How Expert Communication Leads To Consistent Potential And Clear Results

Lucid Leadership by Rowan B Colver

Getting the message across is vital. But how do we communicate so that people listen and understand what is needed from them? Depending on the size and organisation of your team or network, the challenge can vary indefinitely. Finding the best and most efficient way of providing the right information to everyone will require many skills and an understanding of what other people’s priorities are.

Often, the need to reassess communication arises when there is a change. It can be a change in business, a change in protocol, courtesy, or any other thing that everyone has to agree on and accept. Once a team or network is functioning, asking it to do something different is a big task. Habit, training, previous disciplinary actions, pride, and many other things can prevent a person from adopting new methods or information. Just look at the way people deny climate science despite the growing evidence of climate change.

Communicating the right information in the right way is therefore extremely important. Whether it's the environment or our profit margin, the self-esteem of our customers or our employees, a change is needed when something is either not right or could be better. If something is clearly not right, like the devastating effects of climate change or a request for a refund, the change has to be immediate. When something could be better like the uniform is out of date or your communication isn’t getting the job done properly, change can be more gradual. We have to decide which level is necessary. If we get that bit wrong, we can end up harming our reputation.

Changes can occur across culture, structure, methods. A genuine change will probably cover all three aspects. Each aspect is an important part of the team process that ensures a consistent and predictable quality that people demand. When communicating our needs to the group, if the three aspects can be unified into one cause then a clear and apparent image of what you want is presented. Leaving one of these out can leave the option for misunderstanding or presumption of malpractice in some cases. How many times have you heard someone say “They do it on purpose, they know what they’re doing” in a negative context? We hope that no one says that about us. Let’s make sure they don’t by communicating properly.

Access to information is of paramount importance. Your best communications in the wrong format or in the wrong place will be disregarded, misunderstood, or given the wrong priority. The key points have to be presented in foolproof ways that never leave room for assumption or guesswork. If you leave them guessing, and they make a mistake, that’s because of your lack of communication. The reason why culture, organisation, and practice must align is so that individuals and groups are in no doubt about what, why, and how. This means that in instances when someone needs to take the initiative, they have the right tools.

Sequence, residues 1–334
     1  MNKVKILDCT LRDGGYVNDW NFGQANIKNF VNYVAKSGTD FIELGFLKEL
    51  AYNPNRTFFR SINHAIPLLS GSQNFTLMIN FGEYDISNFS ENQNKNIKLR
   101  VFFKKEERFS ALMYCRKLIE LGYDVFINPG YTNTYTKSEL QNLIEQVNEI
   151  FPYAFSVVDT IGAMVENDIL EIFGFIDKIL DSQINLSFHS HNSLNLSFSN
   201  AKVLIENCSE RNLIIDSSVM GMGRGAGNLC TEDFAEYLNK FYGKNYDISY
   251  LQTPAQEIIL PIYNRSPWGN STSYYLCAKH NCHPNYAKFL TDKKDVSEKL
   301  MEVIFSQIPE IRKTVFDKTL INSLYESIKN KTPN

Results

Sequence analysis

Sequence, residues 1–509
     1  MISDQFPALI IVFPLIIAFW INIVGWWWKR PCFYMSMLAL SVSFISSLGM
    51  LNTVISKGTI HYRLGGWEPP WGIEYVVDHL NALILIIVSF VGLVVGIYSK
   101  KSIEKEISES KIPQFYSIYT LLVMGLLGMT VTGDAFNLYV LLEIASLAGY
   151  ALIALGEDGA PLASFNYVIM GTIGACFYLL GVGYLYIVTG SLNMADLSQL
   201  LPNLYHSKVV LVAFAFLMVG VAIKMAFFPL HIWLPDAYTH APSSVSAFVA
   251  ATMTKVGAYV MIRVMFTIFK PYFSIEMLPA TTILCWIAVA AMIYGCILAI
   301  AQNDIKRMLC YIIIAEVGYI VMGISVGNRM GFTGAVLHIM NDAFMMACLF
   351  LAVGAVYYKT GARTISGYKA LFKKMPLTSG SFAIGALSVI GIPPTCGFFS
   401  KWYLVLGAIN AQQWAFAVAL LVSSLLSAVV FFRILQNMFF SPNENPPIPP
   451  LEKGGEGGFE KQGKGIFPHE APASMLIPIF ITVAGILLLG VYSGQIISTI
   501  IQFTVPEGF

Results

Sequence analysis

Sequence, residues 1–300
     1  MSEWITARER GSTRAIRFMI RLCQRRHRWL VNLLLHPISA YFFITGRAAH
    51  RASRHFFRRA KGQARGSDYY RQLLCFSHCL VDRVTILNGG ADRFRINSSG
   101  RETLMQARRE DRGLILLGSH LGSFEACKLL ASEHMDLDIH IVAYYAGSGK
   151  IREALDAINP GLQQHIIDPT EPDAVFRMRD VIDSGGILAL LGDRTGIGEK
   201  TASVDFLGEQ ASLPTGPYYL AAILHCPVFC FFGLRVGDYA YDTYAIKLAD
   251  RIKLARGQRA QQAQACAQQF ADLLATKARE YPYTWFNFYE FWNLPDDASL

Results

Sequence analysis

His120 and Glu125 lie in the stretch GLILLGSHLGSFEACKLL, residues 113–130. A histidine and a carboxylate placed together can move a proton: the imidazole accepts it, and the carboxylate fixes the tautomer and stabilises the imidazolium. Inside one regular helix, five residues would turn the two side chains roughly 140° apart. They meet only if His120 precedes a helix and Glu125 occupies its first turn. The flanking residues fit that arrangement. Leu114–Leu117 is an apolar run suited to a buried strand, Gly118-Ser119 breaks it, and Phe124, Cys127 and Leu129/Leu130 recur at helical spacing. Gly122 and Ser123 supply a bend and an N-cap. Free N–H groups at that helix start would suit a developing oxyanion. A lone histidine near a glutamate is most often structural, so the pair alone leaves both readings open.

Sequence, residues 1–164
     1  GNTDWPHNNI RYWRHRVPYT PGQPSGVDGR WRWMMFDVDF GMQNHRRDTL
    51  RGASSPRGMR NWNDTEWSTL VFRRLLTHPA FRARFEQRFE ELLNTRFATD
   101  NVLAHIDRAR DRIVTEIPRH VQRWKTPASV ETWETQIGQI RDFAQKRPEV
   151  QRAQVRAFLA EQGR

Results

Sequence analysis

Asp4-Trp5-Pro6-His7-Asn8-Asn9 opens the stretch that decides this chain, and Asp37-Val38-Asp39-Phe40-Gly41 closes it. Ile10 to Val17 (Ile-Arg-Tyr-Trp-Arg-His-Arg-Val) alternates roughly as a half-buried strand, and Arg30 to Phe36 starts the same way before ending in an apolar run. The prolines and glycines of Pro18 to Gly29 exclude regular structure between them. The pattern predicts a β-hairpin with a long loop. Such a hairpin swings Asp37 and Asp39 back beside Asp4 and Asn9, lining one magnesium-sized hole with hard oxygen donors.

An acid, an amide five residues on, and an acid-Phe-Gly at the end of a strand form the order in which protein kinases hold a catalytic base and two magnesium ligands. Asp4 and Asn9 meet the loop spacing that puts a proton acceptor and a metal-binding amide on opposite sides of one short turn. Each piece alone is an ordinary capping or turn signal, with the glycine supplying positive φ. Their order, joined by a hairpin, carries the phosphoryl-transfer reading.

The agility of a business is defined by how adaptable it is to change, and within modern marketplaces, the transition of trends is fast. Even stable companies that rely on a reputation for excellence are falling behind in big ways. Excellence doesn’t cut the cake if it’s not fashionable. What people deem excellent changes, service and quality matter but style and presentation matter too. These things change and it’s impossible to determine exactly how the general public will take to new offerings.

When something is vital, it must be presented in many ways. Constant reminders are naturally required when changes are made, so symbols, signs, catchphrases, and team reminders all help to get the message across. To enable an agile team that can change its mindset and methods in a reasonable time that prevents falling behind we have to produce communications that reach everyone. Each of us has a different way of understanding the world. So our communications have to be delivered in many ways and various contexts depending on who we want to communicate with. People’s given areas of expertise or interest will hold various modes of building ideas with aspects they are familiar with. We must use these familiar ideas to create a wider picture. By using visual, verbal, and literary communications, the whole mind is presented with the needed information.




Music writer and humanities educator from Sheffield in England. Democracy of philosophy, comments are welcome.

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Rowan Blair Colver

Rowan Blair Colver

Music writer and humanities educator from Sheffield in England. Democracy of philosophy, comments are welcome.

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